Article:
Attitudes to money in a random sample of adults: Factor analysis of the MAS and MBBS scales, and correlations with demographic variables
AbstractA factor analysis of the two major scales measuring attitudes toward money (Yamauchi and Templer's MAS, and Furnham's MBBS), using a random sample of 200 adults in a large Canadian city, showed the MAS to be remarkably invariant in its factor structure: power-prestige, planning-saving, frugality-distrust, and anxiety seem to be the four most important underlying dimensions of attitudes and reported behaviors. The MBBS did not replicate: the original factors did not emerge, and other analyses did not yield interpretable results. A factor analysis of items from the MAS and MBBS combined produced a reliable and meaningful four-factor solution nearly identical to the MAS scale. Correlations with age, sex, income, and education were mostly consistent with previous research: income was negatively correlated with frugality and anxiety, and positively related to planning. Age had the strongest correlations with the four factors.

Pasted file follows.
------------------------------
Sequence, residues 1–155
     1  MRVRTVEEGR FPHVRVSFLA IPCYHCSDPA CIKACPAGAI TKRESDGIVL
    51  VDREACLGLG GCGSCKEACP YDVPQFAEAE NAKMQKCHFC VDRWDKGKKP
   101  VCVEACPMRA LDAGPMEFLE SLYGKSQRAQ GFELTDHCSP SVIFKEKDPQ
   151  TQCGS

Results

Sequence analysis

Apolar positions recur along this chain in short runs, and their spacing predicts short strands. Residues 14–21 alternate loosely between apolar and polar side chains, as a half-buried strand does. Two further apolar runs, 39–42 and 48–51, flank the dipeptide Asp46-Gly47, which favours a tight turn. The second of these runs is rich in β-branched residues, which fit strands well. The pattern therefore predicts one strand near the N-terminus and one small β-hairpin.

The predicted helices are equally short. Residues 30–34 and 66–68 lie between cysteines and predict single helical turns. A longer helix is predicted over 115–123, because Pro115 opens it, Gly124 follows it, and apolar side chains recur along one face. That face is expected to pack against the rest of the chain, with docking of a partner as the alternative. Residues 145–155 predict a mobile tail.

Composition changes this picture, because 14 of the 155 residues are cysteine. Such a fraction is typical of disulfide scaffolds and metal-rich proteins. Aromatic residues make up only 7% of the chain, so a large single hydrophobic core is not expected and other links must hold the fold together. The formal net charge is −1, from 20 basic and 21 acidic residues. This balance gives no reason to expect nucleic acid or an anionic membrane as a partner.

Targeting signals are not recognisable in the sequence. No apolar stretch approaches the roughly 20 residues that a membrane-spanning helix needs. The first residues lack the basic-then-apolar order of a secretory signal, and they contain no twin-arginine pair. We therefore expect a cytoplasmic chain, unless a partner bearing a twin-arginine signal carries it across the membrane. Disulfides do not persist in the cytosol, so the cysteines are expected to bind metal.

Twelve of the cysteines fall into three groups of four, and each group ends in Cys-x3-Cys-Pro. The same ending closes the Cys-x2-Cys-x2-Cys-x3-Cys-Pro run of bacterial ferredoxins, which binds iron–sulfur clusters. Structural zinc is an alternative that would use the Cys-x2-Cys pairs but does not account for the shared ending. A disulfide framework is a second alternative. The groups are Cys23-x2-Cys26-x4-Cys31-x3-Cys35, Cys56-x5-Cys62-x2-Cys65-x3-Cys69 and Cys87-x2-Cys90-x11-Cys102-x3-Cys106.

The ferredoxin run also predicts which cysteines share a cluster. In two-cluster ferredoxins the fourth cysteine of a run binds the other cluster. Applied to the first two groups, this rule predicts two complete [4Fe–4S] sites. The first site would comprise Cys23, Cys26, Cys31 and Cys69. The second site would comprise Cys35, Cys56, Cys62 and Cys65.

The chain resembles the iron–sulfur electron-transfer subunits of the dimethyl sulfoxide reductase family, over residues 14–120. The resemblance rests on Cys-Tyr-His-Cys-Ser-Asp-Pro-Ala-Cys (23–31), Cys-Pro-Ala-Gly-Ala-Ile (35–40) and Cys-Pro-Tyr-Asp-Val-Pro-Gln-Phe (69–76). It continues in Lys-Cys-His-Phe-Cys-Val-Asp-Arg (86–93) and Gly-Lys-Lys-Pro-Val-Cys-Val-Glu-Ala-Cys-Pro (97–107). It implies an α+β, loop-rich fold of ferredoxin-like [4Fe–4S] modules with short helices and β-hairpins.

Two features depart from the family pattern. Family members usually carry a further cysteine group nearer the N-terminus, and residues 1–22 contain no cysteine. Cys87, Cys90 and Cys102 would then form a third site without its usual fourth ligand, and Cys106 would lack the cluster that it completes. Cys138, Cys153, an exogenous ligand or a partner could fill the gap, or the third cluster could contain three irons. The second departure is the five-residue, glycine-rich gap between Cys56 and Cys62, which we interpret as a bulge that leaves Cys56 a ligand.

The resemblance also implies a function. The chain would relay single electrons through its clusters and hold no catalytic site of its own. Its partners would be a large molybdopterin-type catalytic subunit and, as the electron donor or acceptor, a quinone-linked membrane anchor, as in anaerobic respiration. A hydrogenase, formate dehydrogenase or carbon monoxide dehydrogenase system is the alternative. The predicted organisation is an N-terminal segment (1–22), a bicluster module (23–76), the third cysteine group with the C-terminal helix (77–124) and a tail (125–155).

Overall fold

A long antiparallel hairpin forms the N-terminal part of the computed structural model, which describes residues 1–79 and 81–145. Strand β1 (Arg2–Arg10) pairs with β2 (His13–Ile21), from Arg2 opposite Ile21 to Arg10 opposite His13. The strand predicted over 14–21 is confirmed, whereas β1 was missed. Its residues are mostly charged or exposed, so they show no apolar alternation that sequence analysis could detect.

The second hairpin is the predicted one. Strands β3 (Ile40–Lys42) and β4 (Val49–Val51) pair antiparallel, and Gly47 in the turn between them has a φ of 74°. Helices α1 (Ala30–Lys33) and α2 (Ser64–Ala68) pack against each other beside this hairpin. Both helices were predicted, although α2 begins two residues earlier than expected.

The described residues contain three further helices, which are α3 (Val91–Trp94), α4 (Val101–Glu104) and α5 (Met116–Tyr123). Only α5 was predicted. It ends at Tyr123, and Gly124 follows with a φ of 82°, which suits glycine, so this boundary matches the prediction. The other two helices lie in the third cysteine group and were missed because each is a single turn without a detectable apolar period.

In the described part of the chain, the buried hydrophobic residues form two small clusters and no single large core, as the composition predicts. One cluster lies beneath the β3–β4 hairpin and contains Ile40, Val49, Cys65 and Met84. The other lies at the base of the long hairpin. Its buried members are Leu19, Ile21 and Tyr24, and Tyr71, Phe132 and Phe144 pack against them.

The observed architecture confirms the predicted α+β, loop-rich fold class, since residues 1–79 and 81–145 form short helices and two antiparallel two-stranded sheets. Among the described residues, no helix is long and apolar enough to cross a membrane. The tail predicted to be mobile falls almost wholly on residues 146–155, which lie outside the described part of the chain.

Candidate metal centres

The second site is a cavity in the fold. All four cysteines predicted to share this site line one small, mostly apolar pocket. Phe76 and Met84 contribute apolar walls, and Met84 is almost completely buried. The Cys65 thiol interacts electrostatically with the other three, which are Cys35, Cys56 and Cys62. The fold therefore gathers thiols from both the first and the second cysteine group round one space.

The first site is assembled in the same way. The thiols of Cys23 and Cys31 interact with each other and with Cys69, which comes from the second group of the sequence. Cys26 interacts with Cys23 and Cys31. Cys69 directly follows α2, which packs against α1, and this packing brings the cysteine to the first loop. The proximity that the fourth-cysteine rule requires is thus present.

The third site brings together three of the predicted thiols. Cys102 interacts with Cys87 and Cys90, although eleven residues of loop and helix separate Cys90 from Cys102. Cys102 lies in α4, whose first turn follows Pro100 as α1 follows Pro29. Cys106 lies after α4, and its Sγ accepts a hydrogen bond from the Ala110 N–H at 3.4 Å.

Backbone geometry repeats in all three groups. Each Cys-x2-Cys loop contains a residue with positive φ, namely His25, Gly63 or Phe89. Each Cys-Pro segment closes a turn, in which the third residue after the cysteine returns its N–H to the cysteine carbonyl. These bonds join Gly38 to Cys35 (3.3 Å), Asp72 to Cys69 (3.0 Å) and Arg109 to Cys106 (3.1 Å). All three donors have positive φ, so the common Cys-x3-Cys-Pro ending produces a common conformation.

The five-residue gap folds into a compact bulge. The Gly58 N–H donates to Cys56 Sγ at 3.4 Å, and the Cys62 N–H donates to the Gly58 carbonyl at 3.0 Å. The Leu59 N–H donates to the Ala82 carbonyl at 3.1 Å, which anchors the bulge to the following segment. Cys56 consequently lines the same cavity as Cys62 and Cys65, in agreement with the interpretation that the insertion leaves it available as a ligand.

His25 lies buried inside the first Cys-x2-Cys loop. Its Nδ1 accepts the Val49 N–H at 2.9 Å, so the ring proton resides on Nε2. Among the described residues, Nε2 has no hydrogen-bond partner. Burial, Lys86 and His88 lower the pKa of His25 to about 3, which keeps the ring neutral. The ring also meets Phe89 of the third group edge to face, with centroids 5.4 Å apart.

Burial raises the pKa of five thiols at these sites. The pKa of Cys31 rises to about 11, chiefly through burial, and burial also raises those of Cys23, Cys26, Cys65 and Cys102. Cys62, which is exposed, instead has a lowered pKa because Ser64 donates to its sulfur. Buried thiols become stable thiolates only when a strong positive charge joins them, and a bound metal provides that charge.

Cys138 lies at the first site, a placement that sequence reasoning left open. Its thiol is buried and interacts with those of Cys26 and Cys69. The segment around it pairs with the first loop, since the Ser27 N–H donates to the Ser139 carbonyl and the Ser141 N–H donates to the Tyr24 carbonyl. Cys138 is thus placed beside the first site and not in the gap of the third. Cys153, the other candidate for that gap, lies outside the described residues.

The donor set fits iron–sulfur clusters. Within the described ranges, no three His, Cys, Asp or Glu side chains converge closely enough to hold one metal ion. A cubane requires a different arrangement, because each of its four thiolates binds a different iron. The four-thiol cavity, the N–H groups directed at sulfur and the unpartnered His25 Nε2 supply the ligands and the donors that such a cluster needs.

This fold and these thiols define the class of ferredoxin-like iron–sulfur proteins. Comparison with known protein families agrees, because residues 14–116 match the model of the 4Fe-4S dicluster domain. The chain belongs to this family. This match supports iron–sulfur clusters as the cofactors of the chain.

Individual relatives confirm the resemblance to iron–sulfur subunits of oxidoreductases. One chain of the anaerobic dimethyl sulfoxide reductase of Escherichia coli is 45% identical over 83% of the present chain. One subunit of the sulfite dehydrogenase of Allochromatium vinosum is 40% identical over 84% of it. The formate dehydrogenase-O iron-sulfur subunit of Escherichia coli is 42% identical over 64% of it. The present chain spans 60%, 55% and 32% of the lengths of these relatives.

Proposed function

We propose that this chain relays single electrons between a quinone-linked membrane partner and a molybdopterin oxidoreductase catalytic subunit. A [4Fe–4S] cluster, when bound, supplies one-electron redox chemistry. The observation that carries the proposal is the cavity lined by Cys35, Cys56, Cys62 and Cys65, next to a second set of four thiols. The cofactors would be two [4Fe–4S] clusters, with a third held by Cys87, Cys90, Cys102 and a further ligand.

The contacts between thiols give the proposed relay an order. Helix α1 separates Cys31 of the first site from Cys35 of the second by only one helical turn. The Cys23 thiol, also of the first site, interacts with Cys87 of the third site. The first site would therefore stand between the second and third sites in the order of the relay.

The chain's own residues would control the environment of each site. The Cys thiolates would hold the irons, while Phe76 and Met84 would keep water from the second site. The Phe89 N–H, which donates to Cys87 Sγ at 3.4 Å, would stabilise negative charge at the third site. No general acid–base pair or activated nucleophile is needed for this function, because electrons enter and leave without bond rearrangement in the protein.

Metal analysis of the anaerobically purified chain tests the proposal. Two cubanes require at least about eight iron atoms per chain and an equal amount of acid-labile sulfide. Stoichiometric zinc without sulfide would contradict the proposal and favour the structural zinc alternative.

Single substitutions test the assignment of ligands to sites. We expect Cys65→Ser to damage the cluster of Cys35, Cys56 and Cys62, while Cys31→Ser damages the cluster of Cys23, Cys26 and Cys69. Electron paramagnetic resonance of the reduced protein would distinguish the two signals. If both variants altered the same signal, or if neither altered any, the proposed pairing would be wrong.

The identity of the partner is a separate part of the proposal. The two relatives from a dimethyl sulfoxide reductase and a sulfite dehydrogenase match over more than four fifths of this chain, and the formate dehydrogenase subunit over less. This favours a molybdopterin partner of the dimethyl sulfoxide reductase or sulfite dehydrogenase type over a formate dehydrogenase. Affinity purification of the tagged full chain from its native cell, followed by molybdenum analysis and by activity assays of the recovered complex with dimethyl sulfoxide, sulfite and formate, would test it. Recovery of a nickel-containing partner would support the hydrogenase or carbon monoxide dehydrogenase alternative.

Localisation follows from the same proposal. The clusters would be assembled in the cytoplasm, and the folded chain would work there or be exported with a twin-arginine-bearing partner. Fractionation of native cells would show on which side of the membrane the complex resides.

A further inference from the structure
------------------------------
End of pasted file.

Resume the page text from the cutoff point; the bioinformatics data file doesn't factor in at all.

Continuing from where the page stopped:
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Bibliographic InfoArticle provided by Elsevier in its journal Journal of Behavioral and Experimental Economics (formerly The Journal of Socio-Economics).
Volume (Year): 37 (2008)
Issue (Month): 5 (October)
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Web page: http://www.elsevier.com/locate/inca/620175
Attitudes Money Measurement;
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